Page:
- Jamaica Bay: This stretch running east and northeast from Brighton Beach is set on the beautiful shores of Jamaica Bay. The uninterrupted trail has incredible views of the Bay and surrounding nature preserves, southern access to the Rockaway peninsula, and a connection to Shirley Chisholm State Park, the crown jewel of Jamaica Bay’s green spaces, which opened in 2019.
To date, approximately 18 miles of the Brooklyn Waterfront Greenway have been implemented. By the end of 2021, NYC Department of Transportation committed to establishing the route of the Greenway as part of the Green Wave Plan, bringing the 26-mile vision closer to fruition. Analysis of Greenway usage reveals that the route serves tens of thousands of cyclists and pedestrians every day, and that use is on the rise as more people adopt alternative modes of transportation and recreational enjoyment.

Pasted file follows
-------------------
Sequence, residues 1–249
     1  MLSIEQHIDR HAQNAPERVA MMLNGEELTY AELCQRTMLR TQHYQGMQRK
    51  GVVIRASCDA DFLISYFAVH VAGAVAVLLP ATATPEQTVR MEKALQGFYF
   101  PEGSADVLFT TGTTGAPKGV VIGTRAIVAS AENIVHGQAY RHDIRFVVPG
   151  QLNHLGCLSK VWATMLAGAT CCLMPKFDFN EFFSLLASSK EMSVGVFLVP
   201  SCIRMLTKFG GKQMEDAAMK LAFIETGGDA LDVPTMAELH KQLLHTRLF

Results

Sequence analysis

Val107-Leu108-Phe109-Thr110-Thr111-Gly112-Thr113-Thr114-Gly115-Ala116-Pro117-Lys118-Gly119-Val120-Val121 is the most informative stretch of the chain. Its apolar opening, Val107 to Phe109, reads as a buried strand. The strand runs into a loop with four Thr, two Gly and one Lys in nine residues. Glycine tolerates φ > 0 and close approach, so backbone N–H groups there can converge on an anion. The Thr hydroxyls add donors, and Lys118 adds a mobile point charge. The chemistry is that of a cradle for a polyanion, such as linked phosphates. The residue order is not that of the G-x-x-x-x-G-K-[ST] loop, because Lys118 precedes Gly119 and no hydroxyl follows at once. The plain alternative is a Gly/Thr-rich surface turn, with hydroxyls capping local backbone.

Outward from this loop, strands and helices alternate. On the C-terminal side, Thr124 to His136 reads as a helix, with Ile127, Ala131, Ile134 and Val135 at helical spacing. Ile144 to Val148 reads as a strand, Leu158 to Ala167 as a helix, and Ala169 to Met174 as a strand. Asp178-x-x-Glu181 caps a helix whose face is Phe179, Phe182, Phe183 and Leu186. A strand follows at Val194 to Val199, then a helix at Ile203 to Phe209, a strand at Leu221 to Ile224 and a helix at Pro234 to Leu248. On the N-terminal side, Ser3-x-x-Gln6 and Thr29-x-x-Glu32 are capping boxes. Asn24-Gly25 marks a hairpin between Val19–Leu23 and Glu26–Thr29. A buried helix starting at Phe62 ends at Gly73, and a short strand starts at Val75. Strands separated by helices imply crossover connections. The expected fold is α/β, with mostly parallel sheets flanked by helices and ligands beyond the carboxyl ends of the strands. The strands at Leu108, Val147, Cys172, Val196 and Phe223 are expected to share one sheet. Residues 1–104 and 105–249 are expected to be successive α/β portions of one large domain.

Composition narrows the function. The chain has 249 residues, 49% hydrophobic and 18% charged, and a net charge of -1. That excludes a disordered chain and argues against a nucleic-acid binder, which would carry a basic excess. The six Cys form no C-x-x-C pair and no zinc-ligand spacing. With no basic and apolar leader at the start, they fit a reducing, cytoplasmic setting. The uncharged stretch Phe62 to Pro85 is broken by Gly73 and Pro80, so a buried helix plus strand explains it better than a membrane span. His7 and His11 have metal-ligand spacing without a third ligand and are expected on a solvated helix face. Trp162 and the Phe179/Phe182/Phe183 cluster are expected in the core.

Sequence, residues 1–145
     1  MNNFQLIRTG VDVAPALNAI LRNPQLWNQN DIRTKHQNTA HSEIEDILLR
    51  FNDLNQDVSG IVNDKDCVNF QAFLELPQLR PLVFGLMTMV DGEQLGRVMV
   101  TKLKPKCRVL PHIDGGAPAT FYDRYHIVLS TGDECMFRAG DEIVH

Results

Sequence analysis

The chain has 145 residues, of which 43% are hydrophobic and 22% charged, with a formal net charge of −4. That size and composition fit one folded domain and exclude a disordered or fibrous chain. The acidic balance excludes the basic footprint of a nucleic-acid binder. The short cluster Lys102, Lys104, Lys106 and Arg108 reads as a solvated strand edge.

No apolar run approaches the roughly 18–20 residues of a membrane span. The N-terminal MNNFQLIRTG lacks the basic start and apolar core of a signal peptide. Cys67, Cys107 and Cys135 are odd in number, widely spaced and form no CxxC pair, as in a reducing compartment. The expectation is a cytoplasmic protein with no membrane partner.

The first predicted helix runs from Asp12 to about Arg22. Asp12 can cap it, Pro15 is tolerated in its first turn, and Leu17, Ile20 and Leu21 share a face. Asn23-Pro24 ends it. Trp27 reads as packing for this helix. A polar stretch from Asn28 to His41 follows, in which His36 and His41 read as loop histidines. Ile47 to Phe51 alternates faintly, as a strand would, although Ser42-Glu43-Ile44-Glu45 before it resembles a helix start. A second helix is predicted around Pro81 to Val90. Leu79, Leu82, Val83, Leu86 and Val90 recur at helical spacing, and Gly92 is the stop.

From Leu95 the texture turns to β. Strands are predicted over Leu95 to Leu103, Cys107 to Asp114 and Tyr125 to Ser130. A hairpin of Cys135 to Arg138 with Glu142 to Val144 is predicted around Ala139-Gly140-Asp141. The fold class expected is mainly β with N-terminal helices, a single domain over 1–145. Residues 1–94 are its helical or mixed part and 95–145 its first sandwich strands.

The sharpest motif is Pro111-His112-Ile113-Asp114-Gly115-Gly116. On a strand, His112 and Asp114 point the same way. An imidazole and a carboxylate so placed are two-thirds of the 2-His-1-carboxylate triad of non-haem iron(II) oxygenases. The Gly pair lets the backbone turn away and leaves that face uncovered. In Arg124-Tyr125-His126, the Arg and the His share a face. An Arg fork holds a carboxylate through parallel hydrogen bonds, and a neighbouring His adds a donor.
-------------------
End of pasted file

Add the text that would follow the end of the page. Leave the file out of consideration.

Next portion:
As Brooklyn has undergone a half-century of rapid transformation, the vision to create the Brooklyn Waterfront Greenway has been truly innovative. This Greenway is essential for people of all ages and abilities to travel using alternative transportation, connect to open spaces, and enjoy the borough’s storied waterfront. As NYC grapples with climate resiliency and modern public health crises like COVID-19, it is clear that amenities like the Greenway will be essential for the future of this great city.
Thanks to our partners at the Brooklyn Greenway Initiative for contributing this trail profile. For more information on BGI, visit www.brooklyngreenway.org. To suggest a future trail to be highlighted in the monthly TrailsBlog feature, email email@example.com.
New York State is currently preparing a Statewide Greenways Plan, to identify which projects will help connect and grow our statewide network of trails and greenways. Have your voice heard! Fill out the survey at www.greenwaysplan.org